Numbers: Their Tales, Types, and Treasures.
Chapter 10: Numbers and Proportions
Using again s = 230.36 m and h = 146.5 m, we compute half the circumference 2s of the base and its ratio with the height h of the pyramid. We obtain
2s : h = 3.14485.
This number is suspiciously close to π ≈ 3.14159. If the originally assumed height was about 15 cm higher, then this proportion would be exact. The deviation is larger than it was with the golden ratio, but 15 cm is still within the range of uncertainty when determining the original height of an eroded monument. Therefore we can be sure that the following hypothesis is fully compatible with the empirically measured dimensions of the Cheops pyramid:
Hypothesis 3: The Great Pyramid of Cheops is designed in such a way that
2s : h = π, or 4s = 2hπ,
that is, the circumference of the base equals the circumference of a circle whose radius is the height of the pyramid.
Again, this hypothesis has the problem that π was not known in ancient Egypt. We know about Egyptian mathematical knowledge, in particular, from the Rhind papyrus (about 1650 BCE). This is a collection of exercises concerning different mathematical problems that were important at that time. It also contains problems about the area of circles that were approximately computed by dividing its area into a number of square regions. The method effectively amounts to using an approximate value of 3.16 for π (while the value in the pyramid has a much higher precision). It is also clear from this source that the Egyptians had no idea of the proportionality between the area of a circle and the square of the radius. Obviously, the concept of π was unknown to the Egyptians of that era. How then is it possible that the number π is present in the pyramid with such “unreasonable” accuracy?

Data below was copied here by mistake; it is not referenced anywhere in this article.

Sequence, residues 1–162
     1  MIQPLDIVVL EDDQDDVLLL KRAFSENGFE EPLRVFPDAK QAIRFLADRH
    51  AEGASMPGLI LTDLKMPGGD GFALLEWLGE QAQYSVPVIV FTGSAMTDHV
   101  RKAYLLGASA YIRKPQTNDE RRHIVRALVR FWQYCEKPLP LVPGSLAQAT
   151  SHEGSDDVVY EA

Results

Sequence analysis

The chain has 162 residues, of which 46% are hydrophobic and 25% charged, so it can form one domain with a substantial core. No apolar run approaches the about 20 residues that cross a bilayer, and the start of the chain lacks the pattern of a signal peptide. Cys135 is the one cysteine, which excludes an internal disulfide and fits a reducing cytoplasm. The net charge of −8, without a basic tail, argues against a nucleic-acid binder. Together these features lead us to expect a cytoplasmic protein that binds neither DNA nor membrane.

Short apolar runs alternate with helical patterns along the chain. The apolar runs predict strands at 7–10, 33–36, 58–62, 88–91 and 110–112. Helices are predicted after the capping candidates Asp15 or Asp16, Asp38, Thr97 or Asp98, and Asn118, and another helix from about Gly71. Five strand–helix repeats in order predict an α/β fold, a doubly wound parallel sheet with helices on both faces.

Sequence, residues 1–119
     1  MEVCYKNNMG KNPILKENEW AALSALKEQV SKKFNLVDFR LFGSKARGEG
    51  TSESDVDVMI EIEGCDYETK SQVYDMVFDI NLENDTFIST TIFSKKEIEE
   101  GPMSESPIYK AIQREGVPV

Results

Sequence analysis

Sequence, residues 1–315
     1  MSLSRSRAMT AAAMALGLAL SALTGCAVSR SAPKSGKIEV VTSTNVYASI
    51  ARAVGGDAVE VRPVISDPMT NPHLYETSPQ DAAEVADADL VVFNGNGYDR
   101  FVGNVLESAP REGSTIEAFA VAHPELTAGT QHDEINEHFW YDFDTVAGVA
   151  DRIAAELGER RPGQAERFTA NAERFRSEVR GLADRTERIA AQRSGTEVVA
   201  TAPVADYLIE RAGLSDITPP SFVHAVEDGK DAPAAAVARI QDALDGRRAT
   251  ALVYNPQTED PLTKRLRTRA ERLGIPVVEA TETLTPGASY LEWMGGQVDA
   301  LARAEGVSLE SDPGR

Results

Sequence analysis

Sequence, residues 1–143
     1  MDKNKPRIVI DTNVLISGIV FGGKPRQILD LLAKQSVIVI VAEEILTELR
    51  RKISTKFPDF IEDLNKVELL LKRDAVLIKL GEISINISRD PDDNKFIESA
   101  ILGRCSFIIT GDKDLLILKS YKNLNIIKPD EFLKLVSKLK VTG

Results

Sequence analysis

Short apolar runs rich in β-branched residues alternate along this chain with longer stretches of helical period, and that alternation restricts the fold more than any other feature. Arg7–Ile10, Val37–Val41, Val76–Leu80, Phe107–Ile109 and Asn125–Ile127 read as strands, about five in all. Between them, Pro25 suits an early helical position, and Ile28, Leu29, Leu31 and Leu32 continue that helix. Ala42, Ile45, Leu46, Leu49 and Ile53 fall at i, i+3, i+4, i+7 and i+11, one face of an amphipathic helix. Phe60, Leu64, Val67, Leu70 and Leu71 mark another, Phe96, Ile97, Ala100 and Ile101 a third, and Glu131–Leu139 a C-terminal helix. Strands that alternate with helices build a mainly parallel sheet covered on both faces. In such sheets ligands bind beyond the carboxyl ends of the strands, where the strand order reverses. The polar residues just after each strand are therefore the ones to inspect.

Moreover, how can it be that the golden ratio appears together with π in the dimensions of the pyramid? This is indeed a marvelous coincidence. In order to appreciate this, we should look again at the right triangle in figure 10.15, which is formed by the half-side of the base, the height of the pyramid, and its slant height. This triangle is a very good approximation of the proportions of the so-called Kepler triangle, shown in figure 10.17. The Kepler triangle is defined as a right triangle with hypotenuse c = ϕ and sides a = 1 and . In this case, the Pythagorean theorem, a2+ b2 = c2, is equivalent to the defining equation for the golden ratio: 1 + ϕ = ϕ2. This triangle demonstrates exactly the golden ratio according to Hypothesis 1. But it also has the number π hidden in its proportions. The reason is an amazing, but nevertheless purely accidental, similarity of the following two numerical values:
Figure 10.17: The Kepler triangle.
Because of this coincidence, the proportion of the legs of the Kepler triangle is related to π in the following way:
In the pyramid, this corresponds approximately to the proportion . For this reason, a pyramid that has ϕ in its proportions, has, in a very good approximation, also π in its proportions, and vice versa. Therefore, an explanation of Hypothesis 3 concerning the occurrence of π would at the same time explain Hypothesis 1 on the appearance of ϕ in the pyramid.
A very plausible explanation has been offered British physicist Kurt Mendelssohn (1906–1980) in his book The Riddle of the Pyramids. He assumes that horizontal distances were measured by the number of revolutions of a surveyor's wheel. In contrast, vertical distances would have to be measured with the diameter of the wheel as the unit of length, which we pictured in figure 10.18. Thus, the side of the base of the pyramid would correspond to a certain multiple of the circumference of the surveyor's wheel, while the height would correspond to a certain multiple of its diameter. In that way, the proportion π between circumference and diameter of the wheel would be included in the proportions of the pyramid without the Egyptians having been aware of it.
Figure 10.18: Surveyor's wheel for measuring lengths and heights.
Unfortunately, this explanation has not been supported scientifically. While there are ancient pictures showing Egyptians handling instruments, there is no hint that they could have used wheels for measuring lengths. The assumption has no other justification than to explain the occurrence of the number π in the Great Pyramid, as we have done here. If one could come up with a simpler explanation, it would be preferred over any assumption of a forgotten knowledge about higher geometry. Indeed, such an explanation exists.